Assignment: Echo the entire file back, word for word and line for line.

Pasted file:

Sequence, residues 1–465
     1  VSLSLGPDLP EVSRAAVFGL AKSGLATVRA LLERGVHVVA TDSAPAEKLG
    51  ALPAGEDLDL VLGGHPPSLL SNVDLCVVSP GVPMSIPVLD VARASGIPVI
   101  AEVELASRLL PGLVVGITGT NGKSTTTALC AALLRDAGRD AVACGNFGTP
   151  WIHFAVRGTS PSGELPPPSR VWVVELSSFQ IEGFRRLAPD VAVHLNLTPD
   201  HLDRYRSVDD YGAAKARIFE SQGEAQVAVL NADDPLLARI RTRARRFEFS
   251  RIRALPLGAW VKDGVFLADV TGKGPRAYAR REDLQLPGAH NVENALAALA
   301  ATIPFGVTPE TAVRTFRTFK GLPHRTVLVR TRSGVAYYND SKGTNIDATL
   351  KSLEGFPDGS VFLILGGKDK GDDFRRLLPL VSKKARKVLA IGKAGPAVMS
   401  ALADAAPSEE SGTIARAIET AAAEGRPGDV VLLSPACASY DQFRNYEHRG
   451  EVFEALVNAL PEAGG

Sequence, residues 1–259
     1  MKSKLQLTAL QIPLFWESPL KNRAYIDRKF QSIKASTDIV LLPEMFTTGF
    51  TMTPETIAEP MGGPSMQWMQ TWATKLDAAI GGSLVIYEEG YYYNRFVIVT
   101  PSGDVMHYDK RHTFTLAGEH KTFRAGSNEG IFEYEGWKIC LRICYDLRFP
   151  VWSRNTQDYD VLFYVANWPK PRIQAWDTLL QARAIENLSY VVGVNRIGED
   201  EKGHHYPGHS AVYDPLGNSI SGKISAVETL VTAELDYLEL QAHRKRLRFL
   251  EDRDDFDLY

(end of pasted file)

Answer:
Sequence, residues 1–465
     1  VSLSLGPDLP EVSRAAVFGL AKSGLATVRA LLERGVHVVA TDSAPAEKLG
    51  ALPAGEDLDL VLGGHPPSLL SNVDLCVVSP GVPMSIPVLD VARASGIPVI
   101  AEVELASRLL PGLVVGITGT NGKSTTTALC AALLRDAGRD AVACGNFGTP
   151  WIHFAVRGTS PSGELPPPSR VWVVELSSFQ IEGFRRLAPD VAVHLNLTPD
   201  HLDRYRSVDD YGAAKARIFE SQGEAQVAVL NADDPLLARI RTRARRFEFS
   251  RIRALPLGAW VKDGVFLADV TGKGPRAYAR REDLQLPGAH NVENALAALA
   301  ATIPFGVTPE TAVRTFRTFK GLPHRTVLVR TRSGVAYYND SKGTNIDATL
   351  KSLEGFPDGS VFLILGGKDK GDDFRRLLPL VSKKARKVLA IGKAGPAVMS
   401  ALADAAPSEE SGTIARAIET AAAEGRPGDV VLLSPACASY DQFRNYEHRG
   451  EVFEALVNAL PEAGG

Sequence, residues 1–259
     1  MKSKLQLTAL QIPLFWESPL KNRAYIDRKF QSIKASTDIV LLPEMFTTGF
    51  TMTPETIAEP MGGPSMQWMQ TWATKLDAAI GGSLVIYEEG YYYNRFVIVT
   101  PSGDVMHYDK RHTFTLAGEH KTFRAGSNEG IFEYEGWKIC LRICYDLRFP
   151  VWSRNTQDYD VLFYVANWPK PRIQAWDTLL QARAIENLSY VVGVNRIGED
   201  EKGHHYPGHS AVYDPLGNSI SGKISAVETL VTAELDYLEL QAHRKRLRFL
   251  EDRDDFDLY